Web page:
Often recognized as the center of intellectuals and historical places, Yogyakarta has its own charms that attract local and foreign travelers alike. Here are the things that you should not miss in the city:
Best times to visit
The right time to visit Yogyakarta actually depends on your travel itinerary. If your vacation is mostly spent outdoors, it is better to travel during the dry season from May to October. This also applies for those who seek the sunrise and sunset in some tourist destinations in Yogyakarta, such as Punthuk Setumbu, Plaosan Temple and Ratu Boko Temple.
However, if the city’s cultural scene is what you're aiming for, you may want to mark your calendar — Ramayana Ballet Prambanan show in an open theater runs from May to October and the annual Grebeg Syawal ritual is held in conjunction with Idul Fitri celebrations, estimated to be celebrated from June 14 to 16.
Just like other provinces in Indonesia, Yogyakarta has two seasons — wet and dry.
Popular areas - Malioboro
Known as the busiest shopping street in Yogyakarta, Maliboro is the right place to taste traditional dishes and shop for batik and other souvenirs. The one-way street is alive 24 hours a day, extending for about 2 kilometers from north to south.
For those who are not too keen on exploring Malioboro by foot, becak (pedicabs) and bentor (a portmanteau of becak and motorcycle) are available throughout the street to take you around the area. Many of the drivers also can be your guide about tourist destinations in Yogyakarta, especially to find bakpia (full moon-shaped pastry) establishments. Sometimes they can even take you farther to Yogyakarta Palace. The tariff for becak starts from Rp 25,000 (US$2) to Rp 30,000.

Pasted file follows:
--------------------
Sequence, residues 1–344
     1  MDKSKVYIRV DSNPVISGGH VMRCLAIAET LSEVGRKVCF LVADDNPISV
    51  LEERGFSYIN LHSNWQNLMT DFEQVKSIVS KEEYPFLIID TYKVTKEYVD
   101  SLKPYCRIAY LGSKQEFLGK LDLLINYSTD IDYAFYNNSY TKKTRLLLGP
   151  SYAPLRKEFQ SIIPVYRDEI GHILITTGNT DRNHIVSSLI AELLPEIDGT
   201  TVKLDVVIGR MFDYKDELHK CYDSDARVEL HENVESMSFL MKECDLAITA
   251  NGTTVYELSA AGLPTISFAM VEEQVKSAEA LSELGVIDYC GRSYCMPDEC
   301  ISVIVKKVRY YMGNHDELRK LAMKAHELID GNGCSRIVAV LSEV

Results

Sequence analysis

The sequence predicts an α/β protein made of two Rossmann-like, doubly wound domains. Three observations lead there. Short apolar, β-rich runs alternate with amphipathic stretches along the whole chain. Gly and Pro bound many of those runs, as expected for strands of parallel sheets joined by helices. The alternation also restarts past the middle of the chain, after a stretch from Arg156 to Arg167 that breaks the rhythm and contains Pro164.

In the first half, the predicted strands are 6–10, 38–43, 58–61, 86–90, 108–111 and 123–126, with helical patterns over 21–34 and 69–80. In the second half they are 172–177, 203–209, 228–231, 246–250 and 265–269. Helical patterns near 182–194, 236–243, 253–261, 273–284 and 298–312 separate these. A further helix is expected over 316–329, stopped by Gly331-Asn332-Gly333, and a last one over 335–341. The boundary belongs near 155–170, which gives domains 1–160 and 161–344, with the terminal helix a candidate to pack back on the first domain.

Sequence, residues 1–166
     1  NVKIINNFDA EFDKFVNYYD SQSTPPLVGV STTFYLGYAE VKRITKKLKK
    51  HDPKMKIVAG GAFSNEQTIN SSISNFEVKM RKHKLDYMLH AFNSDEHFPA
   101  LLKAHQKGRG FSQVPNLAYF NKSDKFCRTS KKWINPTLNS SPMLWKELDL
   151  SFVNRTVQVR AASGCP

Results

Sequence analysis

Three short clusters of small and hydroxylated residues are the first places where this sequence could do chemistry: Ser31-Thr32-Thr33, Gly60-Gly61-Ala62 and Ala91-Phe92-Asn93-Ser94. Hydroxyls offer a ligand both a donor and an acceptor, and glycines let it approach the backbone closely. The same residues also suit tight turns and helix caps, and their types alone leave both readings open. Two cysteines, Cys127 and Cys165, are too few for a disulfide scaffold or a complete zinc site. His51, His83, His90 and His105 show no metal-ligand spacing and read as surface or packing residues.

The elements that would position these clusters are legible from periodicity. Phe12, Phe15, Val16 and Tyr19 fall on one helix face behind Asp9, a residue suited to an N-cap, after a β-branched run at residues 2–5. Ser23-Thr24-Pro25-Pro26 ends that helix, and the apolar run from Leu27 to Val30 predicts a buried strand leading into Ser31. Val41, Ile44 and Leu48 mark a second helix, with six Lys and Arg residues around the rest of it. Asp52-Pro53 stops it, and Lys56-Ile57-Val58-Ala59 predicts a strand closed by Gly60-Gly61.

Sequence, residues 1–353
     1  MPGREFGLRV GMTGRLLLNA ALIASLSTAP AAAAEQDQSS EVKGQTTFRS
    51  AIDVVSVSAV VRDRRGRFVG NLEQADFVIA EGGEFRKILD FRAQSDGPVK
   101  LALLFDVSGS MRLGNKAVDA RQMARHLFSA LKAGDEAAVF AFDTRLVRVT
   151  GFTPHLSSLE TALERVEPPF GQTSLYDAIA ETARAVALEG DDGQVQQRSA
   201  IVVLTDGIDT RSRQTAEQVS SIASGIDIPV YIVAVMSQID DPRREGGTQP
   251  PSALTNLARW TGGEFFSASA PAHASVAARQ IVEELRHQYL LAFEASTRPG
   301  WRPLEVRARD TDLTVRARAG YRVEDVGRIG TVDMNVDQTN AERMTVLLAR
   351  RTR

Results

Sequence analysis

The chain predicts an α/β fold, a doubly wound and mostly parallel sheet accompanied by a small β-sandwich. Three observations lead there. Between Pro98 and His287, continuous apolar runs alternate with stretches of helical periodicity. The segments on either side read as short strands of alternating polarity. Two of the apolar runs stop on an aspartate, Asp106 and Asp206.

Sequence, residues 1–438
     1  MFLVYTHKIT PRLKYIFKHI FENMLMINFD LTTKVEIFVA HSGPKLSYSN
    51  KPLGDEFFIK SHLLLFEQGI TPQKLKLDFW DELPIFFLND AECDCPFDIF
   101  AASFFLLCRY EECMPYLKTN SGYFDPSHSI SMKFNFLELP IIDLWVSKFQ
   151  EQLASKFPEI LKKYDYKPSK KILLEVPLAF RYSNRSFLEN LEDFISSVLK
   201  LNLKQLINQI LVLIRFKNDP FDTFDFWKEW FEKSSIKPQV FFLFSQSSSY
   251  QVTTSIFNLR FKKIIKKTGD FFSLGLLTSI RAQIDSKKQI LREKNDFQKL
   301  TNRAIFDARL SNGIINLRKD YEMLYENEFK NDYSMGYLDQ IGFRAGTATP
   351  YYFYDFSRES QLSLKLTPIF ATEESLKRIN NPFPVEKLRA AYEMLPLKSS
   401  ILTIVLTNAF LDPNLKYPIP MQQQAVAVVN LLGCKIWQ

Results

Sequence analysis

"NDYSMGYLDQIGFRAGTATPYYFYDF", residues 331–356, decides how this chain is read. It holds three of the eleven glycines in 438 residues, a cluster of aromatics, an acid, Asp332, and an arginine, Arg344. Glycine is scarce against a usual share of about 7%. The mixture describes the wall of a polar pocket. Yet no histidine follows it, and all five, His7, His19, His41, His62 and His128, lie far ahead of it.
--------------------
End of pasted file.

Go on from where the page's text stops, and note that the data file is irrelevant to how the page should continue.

Visit this place on weekdays as Malioboro is known to be crowded on weekends.
Located near Malioboro, there is also Pasar Beringharjo (Beringharjo Market) for people looking for all types of batik.
Kraton Ngayogyakarta Hadiningrat is the palace of the sultan of Yogyakarta. Visitors have to explore the area by foot and guides are available inside the palace.
The palace has two alun-alun (town square) — south and north. Alun-alun Kidul (south town square), is like a magnet for people, especially in the evening, because it is where street food vendors flock to and entertainment events are held. It also has two giant beringin (banyan) trees and, according to legend, your wish will be granted if you can pass through the space between both trees with your eyes closed.
Many of the cultural events in Yogyakarta are held at the palace, including Grebeg Syawal and Sekaten. Those who visit the palace can enjoy dances and music performances daily at Bangsal Sri Manganti. On Mondays and Tuesdays visitors can enjoy gamelan performance, while on Wednesdays there is a Javanese golek (traditional puppet) dance performance. Moreover, Thursdays and Sundays are for dance performances, while Fridays are for mocopatan (Javanese verse accompanied by traditional music) performed by abdi dalem (royal servants). On Saturdays, a wayang kulit (shadow puppet) performance is usually held.
The performances usually start at 9:30 a.m., but it is better to come early to get a seat.
The entrance fee for foreign tourists starts from Rp 15,000 with an additional Rp 1,000 fee for cameras.
Ratu Boko Palace as seen from above